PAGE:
I’m trying something new tonight, with quotes from some of today’s news stories rather than a blog post on a specific topic. Let me know whether you find this useful.
One news item that made it to Twitter, though I have not yet seen it in a news article, is the appointment of more than a dozen new immigration judges. Immigration attorney Greg Siskind tweeted: “14 of 17 newly appointed immigration judges come from prosecutorial or ICE backgrounds. Is Stephen Miller still in charge?” Another Twitter user said three of the 17 announced today were actually Trump appointees. Discouraging, to say the least.
President Biden has opened the door to refugees again. In Minnesota, the Mankato Free Press joins in welcoming refugees, and in recognizing their contributions to the state. (Mankato Free Press)
“The U.S. has long been a leader in refugee resettlement not only because it’s the right thing to do — to save people from devastation and death in their home countries — but because America’s tremendous economic success from its beginning has been built with the sweat of immigrants and refugees….
“Many refugees have set up small businesses and brought diversity to neighborhoods with restaurants and stores. Others took important jobs taking care of the elderly or working in service businesses.
“The expansion of refugee limits will allow some 100 refugee support organizations that were shut down during the Trump years to once again get up and running.”
Maine refugees and resettlement workers are gearing up to welcome new Mainers. (WMTW)
“’People in the refugee camps are there for a lifetime, some of them,’ said Safiya Khalid.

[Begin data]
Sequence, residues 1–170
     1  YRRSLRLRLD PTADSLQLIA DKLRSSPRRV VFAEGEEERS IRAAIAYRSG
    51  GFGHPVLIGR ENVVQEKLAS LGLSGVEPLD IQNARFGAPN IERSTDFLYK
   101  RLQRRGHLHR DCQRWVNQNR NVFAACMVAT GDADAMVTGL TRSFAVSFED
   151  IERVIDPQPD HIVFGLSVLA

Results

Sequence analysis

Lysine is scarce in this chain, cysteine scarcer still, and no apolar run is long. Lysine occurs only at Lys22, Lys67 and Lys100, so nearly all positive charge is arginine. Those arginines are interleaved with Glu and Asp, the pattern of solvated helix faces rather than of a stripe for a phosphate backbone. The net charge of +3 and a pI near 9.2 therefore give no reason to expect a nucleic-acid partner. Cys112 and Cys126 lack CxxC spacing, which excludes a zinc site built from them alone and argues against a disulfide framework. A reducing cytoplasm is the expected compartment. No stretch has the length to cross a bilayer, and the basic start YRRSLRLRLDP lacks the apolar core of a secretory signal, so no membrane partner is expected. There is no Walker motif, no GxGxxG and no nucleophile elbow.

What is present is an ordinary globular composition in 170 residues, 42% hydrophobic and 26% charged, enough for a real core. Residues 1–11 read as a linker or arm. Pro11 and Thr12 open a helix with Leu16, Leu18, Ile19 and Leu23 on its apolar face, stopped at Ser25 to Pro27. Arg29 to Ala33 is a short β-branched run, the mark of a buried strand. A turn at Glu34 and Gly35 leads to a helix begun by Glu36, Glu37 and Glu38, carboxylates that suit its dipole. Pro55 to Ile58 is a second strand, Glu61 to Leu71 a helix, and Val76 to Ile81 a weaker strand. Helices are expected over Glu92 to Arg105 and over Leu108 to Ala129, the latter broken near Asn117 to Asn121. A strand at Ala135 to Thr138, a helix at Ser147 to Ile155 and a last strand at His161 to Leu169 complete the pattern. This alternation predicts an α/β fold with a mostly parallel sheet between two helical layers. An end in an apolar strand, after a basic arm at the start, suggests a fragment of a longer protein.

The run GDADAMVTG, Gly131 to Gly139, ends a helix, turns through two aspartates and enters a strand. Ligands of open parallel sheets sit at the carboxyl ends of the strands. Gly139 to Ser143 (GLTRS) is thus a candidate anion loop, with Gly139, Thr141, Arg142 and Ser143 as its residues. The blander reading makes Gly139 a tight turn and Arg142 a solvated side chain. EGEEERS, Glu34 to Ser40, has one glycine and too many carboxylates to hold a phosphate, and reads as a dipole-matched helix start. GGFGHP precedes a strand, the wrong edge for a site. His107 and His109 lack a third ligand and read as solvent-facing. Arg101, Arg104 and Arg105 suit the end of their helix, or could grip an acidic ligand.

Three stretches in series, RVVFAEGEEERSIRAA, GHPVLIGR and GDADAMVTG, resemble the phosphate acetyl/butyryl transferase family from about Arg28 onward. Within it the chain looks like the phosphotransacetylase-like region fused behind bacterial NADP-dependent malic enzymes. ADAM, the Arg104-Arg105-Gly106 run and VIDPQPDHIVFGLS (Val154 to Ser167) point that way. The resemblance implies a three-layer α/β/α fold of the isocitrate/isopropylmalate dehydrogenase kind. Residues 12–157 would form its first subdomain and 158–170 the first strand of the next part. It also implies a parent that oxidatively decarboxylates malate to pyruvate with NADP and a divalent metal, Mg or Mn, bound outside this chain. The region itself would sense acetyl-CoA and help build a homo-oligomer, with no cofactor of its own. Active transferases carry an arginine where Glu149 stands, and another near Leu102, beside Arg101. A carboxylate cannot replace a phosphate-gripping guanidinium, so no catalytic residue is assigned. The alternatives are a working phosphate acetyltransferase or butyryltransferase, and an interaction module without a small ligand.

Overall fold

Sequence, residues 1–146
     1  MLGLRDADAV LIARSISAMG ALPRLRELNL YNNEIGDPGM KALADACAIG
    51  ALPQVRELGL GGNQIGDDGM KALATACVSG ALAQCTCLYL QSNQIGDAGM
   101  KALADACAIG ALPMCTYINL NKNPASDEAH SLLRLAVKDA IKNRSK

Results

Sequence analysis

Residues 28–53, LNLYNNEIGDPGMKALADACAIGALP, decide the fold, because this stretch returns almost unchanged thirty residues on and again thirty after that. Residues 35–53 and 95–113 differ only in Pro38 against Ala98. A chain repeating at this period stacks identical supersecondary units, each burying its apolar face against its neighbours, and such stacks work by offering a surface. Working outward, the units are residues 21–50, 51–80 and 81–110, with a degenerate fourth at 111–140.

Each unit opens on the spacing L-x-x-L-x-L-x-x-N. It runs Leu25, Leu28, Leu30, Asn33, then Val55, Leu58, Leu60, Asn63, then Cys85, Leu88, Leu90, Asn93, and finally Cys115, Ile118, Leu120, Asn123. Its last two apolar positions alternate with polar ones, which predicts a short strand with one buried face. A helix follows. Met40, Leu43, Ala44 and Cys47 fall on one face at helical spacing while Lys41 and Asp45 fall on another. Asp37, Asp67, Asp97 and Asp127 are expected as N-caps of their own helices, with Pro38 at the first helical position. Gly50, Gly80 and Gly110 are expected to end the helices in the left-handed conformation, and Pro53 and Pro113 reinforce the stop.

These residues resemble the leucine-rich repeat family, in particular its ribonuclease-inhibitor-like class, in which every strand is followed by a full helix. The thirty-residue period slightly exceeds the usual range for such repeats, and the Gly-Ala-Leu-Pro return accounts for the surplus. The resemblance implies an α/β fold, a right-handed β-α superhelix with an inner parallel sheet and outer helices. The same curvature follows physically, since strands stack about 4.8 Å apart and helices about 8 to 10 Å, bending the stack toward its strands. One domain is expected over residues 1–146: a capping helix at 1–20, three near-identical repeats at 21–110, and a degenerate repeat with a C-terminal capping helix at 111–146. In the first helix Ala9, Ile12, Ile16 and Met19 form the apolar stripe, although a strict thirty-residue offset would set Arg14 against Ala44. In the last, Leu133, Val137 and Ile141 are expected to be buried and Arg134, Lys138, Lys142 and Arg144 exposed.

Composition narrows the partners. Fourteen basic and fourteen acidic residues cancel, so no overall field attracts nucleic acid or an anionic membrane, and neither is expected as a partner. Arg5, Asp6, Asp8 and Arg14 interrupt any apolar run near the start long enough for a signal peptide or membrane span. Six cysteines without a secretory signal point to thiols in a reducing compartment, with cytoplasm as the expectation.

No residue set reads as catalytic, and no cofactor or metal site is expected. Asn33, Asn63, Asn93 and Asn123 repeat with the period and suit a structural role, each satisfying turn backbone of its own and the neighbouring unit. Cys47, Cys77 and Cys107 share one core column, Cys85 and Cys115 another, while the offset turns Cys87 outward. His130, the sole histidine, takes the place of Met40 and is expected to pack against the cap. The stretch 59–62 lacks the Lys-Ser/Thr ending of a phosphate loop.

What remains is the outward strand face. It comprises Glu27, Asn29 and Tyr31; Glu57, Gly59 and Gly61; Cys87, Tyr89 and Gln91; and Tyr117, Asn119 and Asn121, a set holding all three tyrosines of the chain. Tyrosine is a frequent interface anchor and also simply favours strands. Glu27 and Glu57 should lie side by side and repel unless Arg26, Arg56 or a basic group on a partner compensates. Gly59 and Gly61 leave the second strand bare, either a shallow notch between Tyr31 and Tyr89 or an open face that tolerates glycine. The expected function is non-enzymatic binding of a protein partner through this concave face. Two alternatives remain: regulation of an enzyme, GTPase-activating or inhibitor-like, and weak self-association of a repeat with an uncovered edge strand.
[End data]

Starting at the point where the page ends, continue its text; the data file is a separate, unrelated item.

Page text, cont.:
“The Lewiston City Councilor considers herself lucky.
“As a child, Khalid spent three years in a refugee camp in Kenya before resettlement in the U.S. …
“Khalid, originally from Somalia, is also a coordinator with Gateway Community Services, a nonprofit supporting new Mainers.”
What’s to stop a future president from imposing a new Muslim ban or Africa ban? The No Ban Act—if the Senate passes it. The House has already passed the legislation. (Los Angeles Times)
“One of the first inhumane and racially tinged acts of the Trump administration was to close the borders to travelers from seven Muslim-majority nations for 90 days and to global refugees for 120 days (except Syrian refugees, who were banned indefinitely). …
“Lost in the debate was the issue of how the president had such power in the first place. It’s because Congress gave it to him. Federal law gives the president significant leeway to develop rules and regulations on how the immigration system should work, including wide latitude on deciding who can enter the country….